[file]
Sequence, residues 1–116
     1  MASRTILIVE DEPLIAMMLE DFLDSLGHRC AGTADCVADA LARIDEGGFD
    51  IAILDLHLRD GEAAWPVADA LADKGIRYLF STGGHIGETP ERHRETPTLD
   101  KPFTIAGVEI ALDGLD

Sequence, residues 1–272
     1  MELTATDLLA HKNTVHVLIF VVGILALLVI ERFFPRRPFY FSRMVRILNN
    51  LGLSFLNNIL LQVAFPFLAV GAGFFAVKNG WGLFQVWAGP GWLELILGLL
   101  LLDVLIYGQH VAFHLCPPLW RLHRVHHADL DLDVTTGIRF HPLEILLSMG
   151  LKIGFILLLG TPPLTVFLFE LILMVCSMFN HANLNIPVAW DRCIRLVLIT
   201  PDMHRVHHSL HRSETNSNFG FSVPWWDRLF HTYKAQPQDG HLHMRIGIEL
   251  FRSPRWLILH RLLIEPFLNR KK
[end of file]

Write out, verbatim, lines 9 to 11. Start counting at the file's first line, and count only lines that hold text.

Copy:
   151  LKIGFILLLG TPPLTVFLFE LILMVCSMFN HANLNIPVAW DRCIRLVLIT
   201  PDMHRVHHSL HRSETNSNFG FSVPWWDRLF HTYKAQPQDG HLHMRIGIEL
   251  FRSPRWLILH RLLIEPFLNR KK